(Justin Sullivan/Getty Images)

On June 5, California voters will decide whether to adopt new rules on term limits. Proposition 28 would reduce the total number of years lawmakers can serve in the Legislature, while also allowing them to serve out their term in one house. Supporters say it would increase government stability and preserve institutional knowledge. Critics say it will empower incumbents and keep new faces and ideas out of Sacramento.

Guests:
Dan Schnur, director of the Jesse M. Unruh Institute of Politics at the University of Southern California
Steven Baric, vice chairman of the California Republican Party

  • Stuart

    Research has shown that choosing leaders randomly, without elections, which is how the ancient Greeks did it, actually works better because it removes the risk that unintelligent voters will make bad choices and elect the best manipulators instead of the best public servants. So long as leaders are chosen from a pool qualified people who have the necessary skills, the research shows it works better on average. Choosing from a random pool would also eliminate a large part of the lobbyist influence, since campaigns would not need funding. This practice is called sortition or drawing of lots.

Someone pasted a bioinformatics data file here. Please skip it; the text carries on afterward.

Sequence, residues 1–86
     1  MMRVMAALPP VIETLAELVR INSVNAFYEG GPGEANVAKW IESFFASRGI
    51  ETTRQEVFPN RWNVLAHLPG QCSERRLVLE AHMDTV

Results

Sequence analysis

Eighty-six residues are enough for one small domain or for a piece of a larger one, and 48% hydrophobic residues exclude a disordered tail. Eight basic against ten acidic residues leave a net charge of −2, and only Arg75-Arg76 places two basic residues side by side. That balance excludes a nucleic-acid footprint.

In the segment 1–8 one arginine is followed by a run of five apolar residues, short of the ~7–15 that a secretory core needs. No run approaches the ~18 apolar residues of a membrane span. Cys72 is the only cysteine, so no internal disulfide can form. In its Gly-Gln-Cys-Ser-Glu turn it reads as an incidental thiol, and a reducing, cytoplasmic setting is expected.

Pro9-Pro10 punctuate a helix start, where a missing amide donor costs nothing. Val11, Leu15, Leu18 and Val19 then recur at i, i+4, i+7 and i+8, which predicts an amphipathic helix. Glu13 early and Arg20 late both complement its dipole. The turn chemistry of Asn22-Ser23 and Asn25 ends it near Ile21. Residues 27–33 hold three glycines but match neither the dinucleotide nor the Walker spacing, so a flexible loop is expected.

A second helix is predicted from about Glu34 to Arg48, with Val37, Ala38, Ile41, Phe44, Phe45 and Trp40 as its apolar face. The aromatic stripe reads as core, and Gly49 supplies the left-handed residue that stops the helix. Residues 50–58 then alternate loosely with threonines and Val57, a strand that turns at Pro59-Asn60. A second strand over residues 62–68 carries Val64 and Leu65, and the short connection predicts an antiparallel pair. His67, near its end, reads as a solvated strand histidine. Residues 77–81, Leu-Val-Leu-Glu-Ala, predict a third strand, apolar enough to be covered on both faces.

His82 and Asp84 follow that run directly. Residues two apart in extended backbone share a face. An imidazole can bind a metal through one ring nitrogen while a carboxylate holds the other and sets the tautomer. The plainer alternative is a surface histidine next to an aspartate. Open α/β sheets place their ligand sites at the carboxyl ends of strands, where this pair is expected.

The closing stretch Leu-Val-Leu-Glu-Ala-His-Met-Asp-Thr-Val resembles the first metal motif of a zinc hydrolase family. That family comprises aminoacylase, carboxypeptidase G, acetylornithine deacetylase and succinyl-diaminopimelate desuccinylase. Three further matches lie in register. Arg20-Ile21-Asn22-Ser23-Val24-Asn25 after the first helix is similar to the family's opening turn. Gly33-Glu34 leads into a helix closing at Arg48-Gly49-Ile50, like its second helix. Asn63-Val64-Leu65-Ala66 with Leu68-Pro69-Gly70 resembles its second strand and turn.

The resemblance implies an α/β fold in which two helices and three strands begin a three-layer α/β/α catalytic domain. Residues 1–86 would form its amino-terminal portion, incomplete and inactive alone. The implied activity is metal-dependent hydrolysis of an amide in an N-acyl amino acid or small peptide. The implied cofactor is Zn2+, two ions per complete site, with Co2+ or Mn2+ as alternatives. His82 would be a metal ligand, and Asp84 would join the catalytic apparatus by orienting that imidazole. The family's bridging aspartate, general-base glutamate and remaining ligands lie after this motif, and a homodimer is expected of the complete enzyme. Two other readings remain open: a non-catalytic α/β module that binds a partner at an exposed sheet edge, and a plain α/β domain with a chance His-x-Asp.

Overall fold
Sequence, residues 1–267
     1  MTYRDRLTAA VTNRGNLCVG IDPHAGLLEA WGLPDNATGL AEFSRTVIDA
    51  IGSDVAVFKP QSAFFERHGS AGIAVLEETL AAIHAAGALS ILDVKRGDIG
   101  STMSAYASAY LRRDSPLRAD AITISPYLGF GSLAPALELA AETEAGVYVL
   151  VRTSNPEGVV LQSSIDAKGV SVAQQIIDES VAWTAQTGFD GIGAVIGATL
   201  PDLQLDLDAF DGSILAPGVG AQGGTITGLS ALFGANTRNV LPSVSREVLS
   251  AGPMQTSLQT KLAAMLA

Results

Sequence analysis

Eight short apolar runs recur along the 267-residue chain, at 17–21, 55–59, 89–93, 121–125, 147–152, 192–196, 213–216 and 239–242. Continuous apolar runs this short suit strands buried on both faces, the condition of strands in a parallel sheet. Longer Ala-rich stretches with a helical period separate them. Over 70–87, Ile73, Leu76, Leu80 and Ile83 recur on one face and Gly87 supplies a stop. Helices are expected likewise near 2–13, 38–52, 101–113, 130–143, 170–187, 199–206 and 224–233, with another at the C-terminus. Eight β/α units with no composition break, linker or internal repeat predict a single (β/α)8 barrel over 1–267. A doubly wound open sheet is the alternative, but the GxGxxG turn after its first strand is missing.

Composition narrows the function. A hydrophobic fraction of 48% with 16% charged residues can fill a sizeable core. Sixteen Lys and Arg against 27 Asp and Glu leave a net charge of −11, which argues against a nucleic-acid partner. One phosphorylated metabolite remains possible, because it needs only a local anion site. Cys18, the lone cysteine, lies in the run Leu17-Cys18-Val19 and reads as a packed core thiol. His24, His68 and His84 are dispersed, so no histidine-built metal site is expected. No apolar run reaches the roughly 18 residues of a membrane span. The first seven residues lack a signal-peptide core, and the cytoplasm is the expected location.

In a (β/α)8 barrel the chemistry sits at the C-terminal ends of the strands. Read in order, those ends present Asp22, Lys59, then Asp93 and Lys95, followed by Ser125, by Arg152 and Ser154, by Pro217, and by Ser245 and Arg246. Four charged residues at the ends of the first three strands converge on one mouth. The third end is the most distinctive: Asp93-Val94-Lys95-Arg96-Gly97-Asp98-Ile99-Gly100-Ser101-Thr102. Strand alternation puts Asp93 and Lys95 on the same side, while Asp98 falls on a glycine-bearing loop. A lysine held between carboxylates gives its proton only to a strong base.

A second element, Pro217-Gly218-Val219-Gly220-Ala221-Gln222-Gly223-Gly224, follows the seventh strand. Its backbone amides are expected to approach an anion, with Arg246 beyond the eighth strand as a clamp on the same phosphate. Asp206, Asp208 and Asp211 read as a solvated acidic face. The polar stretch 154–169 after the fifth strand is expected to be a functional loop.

• James Ivey

    Term limits are stupid.  Why would a sane electorate limit the candidates that it can vote into office, especially to those without any experience?  We should be able to elect the best representatives, incumbent or otherwise.

  • Liz

    I get so tired of people complaining about the state government as if the Legislature all emerged from pods in a basement in Sacramento.  Let’s face it, we voted for them.  And, as George Carlin observed, “When you have selfish, lazy and ignorant voters, you are going to get selfish, lazy and ignorant politicians.”

  • Chemist150

    And who sponsored the term limit proposition?  Who’s trying to keep their position?

  • In the heavily Democratic state of CA, the r’s see term limits as a way to force Dems out of office so they can at least have a run at an office against a less experienced, less established candidate. 

    In this state, there are far more Dem officeholders that would be subject to being kicked out of office. I don’t see any reason to provide r’s with this advantage or opportunity. You can bet your hiney that if the situation were reversed, and r’s held the advantage in officeholding numbers, there would be no effort to term limit officeholders.  

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